It's one of those activities that transcends time and culture. Graffiti was found in the ruins of Pompeii when archaeologists excavated the city in the 20th century after it was buried by the volcano in the First Century C.E.

It certainly is. My friend told me a story about [Joseph] Kyselak, who was in Austria in [the 1800s]. He made a bet with his friends that he could become famous in the entire Austrian Empire within three years. His friend was like, "No way you can do that; you're just a peasant." He said, "Watch, I can be famous within this entire empire." Within two years he was contacted by the emperor who said, "I want to have an audience with Kyselak. Who is this? We see this everywhere. What does this mean? What is this?"

The rumor is that he took the audience with Kyselak, and the emperor got there late, of course, and made him wait. When they left, they realized he had carved "Kyselak" in the chair while he was waiting for them. So he was famous within the entire empire within two years, and he won the bet with his friend. That's what the emperor asked, "Why are you doing this?" "I have a bet with my friend."

So that definitely transcends time. Thinking about it with that pair of eyes instead of a hip-hop pair of eyes, which is kind of ridiculous, it's losing localism in a major way in all aspects of the culture. Philadelphia used to have this very distinct tag, and still does, Philadelphia still holds true to its localism, but New York is mixed in with San Francisco now, which is mixed in with Los Angeles.

It's harder to say, "Oh this young person is from Los Angeles, probably from the eastern part of Los Angeles because of the way the 'K' goes down at the top. I can tell you that." Or "This person's from Philly. They're from the north side because there's a certain type of "E" on the bottom where there's an arrow on the bottom, not on the top." We're losing that, which is kind of a scary, sad thing that happened with the Internet. But we'll just see what happens next. I'm excited for what happens next. I try and stay focused on that rather than be negative.

You have those dates coming up at Disjecta in Portland?

Yeah. That's really exciting for us. We've come up with a shadow performance with our friends who have a puppet collective that's really good. They are super talented and they made a video for us called "Lil Taste." Jason [Thibodeaux] and Sarah [Frechette] work in a studio in Portland called Laika. It's an animation studio and they make a bunch of films. So, basically, we get the best of the best from that amazing institution. They all want to chip in and work on fun projects and Jason and Sarah are great at orchestrating the best miniature painter to make a miniature drum set. Then we have scene painters to make a brick wall for us. They're completely incredible.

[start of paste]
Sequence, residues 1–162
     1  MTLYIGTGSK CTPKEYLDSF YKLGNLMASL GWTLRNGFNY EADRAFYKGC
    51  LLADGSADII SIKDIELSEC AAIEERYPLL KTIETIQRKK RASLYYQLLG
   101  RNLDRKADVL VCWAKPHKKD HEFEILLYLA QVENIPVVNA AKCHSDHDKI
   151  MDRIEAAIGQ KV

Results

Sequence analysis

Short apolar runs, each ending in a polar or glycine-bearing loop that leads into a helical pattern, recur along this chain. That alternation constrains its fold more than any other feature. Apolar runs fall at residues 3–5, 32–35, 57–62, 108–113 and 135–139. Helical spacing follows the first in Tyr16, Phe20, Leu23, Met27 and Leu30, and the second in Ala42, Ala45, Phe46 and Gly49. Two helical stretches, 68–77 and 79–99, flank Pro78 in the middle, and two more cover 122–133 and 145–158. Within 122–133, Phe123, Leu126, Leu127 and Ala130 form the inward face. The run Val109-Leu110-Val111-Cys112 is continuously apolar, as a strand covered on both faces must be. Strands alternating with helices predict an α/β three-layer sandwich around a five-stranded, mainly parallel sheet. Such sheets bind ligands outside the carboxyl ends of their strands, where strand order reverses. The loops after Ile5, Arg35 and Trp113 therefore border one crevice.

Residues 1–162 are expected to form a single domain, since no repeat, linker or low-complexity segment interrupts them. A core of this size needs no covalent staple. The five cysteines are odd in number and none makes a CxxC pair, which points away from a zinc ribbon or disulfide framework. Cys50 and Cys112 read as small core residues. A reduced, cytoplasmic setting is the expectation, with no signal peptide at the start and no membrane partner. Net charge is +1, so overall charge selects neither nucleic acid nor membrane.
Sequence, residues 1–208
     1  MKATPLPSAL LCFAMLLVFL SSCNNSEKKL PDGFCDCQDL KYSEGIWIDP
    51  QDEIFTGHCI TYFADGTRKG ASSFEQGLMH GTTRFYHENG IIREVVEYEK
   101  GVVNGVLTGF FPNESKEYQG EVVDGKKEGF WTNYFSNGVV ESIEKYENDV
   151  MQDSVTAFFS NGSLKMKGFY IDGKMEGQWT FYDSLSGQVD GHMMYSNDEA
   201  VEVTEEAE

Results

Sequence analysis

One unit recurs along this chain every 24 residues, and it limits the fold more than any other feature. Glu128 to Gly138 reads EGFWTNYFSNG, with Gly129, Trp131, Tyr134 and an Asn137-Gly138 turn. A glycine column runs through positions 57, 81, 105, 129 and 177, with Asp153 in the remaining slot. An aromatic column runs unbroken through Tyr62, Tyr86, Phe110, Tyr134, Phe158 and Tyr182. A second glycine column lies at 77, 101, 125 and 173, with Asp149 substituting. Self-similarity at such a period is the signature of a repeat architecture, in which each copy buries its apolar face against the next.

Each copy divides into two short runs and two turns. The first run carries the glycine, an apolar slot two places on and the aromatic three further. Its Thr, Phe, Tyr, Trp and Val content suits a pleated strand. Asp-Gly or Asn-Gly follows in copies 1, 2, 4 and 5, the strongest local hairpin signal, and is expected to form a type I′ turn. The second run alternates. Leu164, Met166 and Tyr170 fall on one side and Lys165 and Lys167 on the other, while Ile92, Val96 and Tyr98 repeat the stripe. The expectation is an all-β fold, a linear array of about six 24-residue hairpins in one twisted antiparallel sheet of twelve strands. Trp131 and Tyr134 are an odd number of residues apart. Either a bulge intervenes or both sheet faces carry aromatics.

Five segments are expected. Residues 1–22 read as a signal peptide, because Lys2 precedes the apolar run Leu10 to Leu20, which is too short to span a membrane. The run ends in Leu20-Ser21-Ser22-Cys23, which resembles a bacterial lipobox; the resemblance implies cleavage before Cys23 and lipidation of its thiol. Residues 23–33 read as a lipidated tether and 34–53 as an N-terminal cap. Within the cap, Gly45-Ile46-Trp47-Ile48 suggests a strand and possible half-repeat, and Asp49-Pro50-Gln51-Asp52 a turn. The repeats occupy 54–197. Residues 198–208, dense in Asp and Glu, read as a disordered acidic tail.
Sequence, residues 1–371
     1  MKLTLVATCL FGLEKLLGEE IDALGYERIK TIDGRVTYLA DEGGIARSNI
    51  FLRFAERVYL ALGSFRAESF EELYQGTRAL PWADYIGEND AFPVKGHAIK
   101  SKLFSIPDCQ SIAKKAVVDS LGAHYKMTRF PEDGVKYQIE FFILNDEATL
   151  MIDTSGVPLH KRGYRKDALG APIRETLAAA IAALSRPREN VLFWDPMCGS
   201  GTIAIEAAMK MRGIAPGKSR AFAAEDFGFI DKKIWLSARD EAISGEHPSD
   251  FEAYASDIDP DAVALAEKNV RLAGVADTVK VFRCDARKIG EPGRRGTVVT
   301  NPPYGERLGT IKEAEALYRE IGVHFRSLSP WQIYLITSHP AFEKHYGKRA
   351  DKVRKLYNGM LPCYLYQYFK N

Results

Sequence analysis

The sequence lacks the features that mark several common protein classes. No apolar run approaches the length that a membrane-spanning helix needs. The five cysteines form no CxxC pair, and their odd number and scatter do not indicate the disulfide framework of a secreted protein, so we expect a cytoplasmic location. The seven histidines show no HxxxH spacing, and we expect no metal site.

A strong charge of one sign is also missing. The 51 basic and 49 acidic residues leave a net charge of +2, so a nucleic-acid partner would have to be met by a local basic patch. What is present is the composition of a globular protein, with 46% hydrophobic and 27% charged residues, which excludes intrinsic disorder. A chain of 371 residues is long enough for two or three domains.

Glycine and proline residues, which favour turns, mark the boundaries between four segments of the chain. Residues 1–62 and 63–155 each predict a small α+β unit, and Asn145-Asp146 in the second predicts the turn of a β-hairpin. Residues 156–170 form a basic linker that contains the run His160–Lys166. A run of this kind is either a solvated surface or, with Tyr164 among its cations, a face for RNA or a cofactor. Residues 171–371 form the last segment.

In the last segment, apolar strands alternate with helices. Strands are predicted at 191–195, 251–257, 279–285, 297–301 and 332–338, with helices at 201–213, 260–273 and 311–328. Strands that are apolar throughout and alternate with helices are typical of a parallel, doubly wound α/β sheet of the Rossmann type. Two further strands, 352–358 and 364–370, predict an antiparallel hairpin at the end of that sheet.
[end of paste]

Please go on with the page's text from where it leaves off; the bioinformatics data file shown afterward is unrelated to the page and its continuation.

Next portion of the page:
Last September we did a performance for the Portland Institute of Contemporary Art. It was a shadow show, but we only got to perform it one night, but it got better. After that night, we kept working on it, so we want to re-stage it so it's four nights. It's exciting with a short film with a live soundtrack. We're lit up as we perform. They transform us into wolves and other amazing tricks, because we're behind a white screen, and they can project our shadows and do some really cool stuff with what you're able to see.

They use a flashlight as a film camera, basically. They're really talented and cutting edge. We're performing the music live and we worked with them on developing a visual storyline. They definitely have input on which music goes in from our body of our work and talk about what would work and what wouldn't.

Do you feel that performance is connected in some way to Wayang?

I know Jason and Sarah are both students of a lot of styles. We met them because they were working on a piece we did called "Don't Trust Anyone Over Thirty" and the puppeteer was Phillip Huber, who did Being John Malkovich and all this amazing stuff. So they were studying under him about how to do marionettes better. I know that shadow puppetry is something Sarah excels in. I wouldn't say it's directly related but it's certainly influenced by more ancient shadow shows.

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Tom Murphy is a writer, visual artist and musician from Aurora, Colorado. He was a prolific music writer for Westword and a documenter of the Denver music scene.